006 ... In which I continue reading Ulysses one page per day, and quote both my favorite sentence and favorite word from each day's reading. Each post chronicles five days.
Day 26; pg 26
Stephen’s embarrassed hand moved over the shells heaped in the cold stone mortar: whelks and money cowries and leopard shells: and this, whorled as an emir’s turban, and this, the scallop of saint James.
f.w. = thong
Day 27; pg 27
Do you know that the orange lodges agitated for repeal of the union twenty years before O’Connell did or before the prelates of your communion denounced him as a demagogue?
Iago makes an appearance on pg 27. Iago also appeared on the first page of Joan Didion's sizzling second novel Play It As It Lays. I wonder where else that ego-tripping imp Iago has appeared in contemporary literature? Put but money in thy purse, Dear! Money is power!!
f.w. = filibegs
Day 28; pg 28
But prompt ventilation of this allimportant question ... Where Cranly led me to get rich quick, hunting his winners among the mudsplashed brakes, amid the bawls of bookies on their pitches and reek of the canteen, over the motley slush.
The above sentence almost got beat out by Lal the ral the ra and Lal the ral the raddy but it just wasn't meant to be.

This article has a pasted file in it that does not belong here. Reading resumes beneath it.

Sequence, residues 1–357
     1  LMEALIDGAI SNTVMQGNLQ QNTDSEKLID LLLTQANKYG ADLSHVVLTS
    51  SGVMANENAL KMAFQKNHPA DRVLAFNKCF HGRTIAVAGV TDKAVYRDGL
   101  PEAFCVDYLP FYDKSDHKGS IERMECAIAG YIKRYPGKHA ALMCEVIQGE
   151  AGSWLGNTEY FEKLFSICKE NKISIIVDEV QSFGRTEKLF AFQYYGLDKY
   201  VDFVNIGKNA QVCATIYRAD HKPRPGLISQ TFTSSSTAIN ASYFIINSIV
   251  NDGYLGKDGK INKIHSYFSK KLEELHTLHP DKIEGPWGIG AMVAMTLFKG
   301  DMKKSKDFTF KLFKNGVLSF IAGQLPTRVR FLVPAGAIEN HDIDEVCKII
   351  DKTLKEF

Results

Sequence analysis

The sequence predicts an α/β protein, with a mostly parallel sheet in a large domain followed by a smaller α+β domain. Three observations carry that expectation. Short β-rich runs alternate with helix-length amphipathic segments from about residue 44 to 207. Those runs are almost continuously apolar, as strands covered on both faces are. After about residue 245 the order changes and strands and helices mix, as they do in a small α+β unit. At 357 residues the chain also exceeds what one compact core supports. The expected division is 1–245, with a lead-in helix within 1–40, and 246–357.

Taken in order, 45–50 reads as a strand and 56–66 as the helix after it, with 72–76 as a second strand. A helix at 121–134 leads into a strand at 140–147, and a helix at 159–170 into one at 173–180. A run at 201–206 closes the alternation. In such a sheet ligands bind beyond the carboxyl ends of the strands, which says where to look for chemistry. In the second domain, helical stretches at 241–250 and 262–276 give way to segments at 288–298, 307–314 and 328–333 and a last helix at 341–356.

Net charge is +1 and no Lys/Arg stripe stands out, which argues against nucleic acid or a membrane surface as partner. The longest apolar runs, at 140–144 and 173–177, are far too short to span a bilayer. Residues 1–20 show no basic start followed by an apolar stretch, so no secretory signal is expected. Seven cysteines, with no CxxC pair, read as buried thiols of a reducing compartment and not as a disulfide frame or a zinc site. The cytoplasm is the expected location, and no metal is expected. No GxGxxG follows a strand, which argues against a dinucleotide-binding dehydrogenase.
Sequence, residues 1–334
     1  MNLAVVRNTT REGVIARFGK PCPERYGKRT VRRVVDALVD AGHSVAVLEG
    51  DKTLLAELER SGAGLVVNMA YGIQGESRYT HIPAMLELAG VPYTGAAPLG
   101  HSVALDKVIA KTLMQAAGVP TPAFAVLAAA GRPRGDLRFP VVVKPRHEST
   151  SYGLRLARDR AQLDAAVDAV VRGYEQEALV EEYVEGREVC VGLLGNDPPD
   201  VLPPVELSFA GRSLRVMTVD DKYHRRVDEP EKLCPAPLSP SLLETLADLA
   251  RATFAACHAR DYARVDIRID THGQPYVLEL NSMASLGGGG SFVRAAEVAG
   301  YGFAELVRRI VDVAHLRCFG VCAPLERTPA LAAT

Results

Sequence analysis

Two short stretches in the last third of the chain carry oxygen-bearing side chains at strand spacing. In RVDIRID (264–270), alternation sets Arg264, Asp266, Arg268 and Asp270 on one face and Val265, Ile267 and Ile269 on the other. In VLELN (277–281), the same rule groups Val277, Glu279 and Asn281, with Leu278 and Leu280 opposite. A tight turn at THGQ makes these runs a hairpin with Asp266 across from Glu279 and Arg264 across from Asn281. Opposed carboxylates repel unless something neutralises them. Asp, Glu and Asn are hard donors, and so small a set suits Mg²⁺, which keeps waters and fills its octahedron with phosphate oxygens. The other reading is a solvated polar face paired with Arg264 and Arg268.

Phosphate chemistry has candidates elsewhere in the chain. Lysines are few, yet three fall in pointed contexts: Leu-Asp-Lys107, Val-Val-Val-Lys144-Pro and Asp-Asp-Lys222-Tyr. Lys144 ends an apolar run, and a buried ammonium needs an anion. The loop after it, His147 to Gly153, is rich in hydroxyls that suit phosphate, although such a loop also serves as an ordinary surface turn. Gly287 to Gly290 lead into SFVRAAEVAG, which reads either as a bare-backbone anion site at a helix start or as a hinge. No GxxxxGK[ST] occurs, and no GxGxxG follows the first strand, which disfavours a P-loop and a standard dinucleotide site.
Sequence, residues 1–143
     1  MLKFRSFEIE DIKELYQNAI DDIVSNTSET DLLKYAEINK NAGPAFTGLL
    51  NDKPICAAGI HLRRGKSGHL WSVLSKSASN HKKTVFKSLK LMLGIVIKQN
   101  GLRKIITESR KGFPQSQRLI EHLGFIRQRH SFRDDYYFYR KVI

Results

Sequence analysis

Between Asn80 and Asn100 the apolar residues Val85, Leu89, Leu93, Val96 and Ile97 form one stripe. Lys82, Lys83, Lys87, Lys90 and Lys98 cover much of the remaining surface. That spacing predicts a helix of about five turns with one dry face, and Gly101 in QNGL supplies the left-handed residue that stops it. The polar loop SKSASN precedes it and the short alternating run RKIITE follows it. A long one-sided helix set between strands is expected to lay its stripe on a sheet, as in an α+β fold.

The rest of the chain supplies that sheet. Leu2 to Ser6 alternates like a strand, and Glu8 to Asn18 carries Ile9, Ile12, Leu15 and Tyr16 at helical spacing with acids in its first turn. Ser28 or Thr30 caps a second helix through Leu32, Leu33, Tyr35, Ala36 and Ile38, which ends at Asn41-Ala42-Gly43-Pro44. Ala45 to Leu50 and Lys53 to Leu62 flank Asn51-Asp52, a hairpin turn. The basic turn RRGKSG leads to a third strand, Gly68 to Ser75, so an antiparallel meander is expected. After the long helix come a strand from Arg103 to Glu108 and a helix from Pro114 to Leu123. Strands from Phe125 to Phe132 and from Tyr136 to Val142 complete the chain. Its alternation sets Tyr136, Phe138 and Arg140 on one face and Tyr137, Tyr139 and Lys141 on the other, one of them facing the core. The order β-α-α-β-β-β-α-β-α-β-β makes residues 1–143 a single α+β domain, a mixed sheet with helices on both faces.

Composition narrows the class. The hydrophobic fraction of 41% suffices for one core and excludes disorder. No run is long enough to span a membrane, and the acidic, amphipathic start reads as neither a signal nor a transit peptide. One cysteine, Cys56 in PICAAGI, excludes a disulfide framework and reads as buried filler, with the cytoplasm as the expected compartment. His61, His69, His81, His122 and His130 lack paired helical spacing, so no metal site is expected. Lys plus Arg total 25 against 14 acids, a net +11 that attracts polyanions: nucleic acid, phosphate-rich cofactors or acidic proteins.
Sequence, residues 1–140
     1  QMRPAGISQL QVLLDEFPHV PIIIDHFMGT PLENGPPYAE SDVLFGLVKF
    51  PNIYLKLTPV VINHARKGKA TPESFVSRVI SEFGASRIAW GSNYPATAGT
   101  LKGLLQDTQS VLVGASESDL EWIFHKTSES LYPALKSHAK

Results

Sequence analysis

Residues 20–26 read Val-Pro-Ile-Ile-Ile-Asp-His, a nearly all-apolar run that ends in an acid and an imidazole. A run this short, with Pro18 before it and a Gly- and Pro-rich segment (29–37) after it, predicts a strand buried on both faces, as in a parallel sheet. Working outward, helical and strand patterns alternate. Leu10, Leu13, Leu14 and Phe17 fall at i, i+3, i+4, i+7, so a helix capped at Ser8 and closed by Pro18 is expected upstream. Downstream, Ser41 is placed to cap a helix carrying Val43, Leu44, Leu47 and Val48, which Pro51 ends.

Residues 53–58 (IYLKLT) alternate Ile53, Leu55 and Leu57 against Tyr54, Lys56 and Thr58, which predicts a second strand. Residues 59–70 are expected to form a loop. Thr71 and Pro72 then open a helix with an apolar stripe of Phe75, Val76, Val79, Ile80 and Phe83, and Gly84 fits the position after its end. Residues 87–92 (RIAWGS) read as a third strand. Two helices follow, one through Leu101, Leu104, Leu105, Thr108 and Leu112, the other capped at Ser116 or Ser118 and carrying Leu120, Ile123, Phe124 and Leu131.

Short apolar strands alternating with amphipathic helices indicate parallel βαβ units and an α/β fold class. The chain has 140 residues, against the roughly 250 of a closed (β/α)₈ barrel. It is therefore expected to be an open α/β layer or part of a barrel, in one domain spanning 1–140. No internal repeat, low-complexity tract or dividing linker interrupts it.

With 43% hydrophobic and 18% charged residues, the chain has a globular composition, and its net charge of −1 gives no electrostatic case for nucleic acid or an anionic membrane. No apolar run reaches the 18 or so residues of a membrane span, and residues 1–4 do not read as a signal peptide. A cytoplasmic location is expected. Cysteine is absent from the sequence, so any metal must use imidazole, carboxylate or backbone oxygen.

f.w. = thimbleriggers
The pluterperfect imperturbability of the department of agriculture.
Probably the pricelessest alliteration and word play I've read allday. This following second place sentence — Jousts, slush and uproar of battles, the frozen deathspew of the slain, a shout of spearspikes baited with men’s bloodied guts — reminded me of many a fine time dining al fresco, sans utensils, at a Renaissance Pleasure Faire festival. And, btw, "Renaissance," for you Stateside-improperly-pronouncing-imbeciles, is pronounced "Renee-ssance," not "Wren-uh-ssance," Mowrons.
f.w. = pluterperfect
I feel pluterperfectly drunk on Joyce right abouts now!
Day 30; pg 30
—History, Stephen said, is a nightmare from which I am trying to awake.
After reading that sentence, how can I not ask myself am I reading Ulysses or am I reading Fernando Pessoa's The Book of Disquiet? Take out the "Stephen said" and I wouldn't have been able to tell you which book that quote came from had you given me a choice between the two. In fact I'd of probably picked Pessoa's. Foreboding aphorisms abound. Pg 30 also reminded me of something that I'd completely forgotten about regarding Ulysses: that being either its anti-semitism or, rather, its portrayals of anti-semitism. Mr. Deasy, for instance, is a blatant bigot:
Mark my words ... England is in the hands of the jews. In all the highest places: her finance, her press. And they are the signs of a nation’s decay. Wherever they gather they eat up the nation’s vital strength. I have seen it coming these years. As sure as we are standing here the jew merchants are already at their work of destruction....
...They sinned against the light, Mr Deasy said gravely. And you can see the darkness in their eyes. And that is why they are wanderers on the earth to this day.
f.w. = maladroit
Reading Ulysses index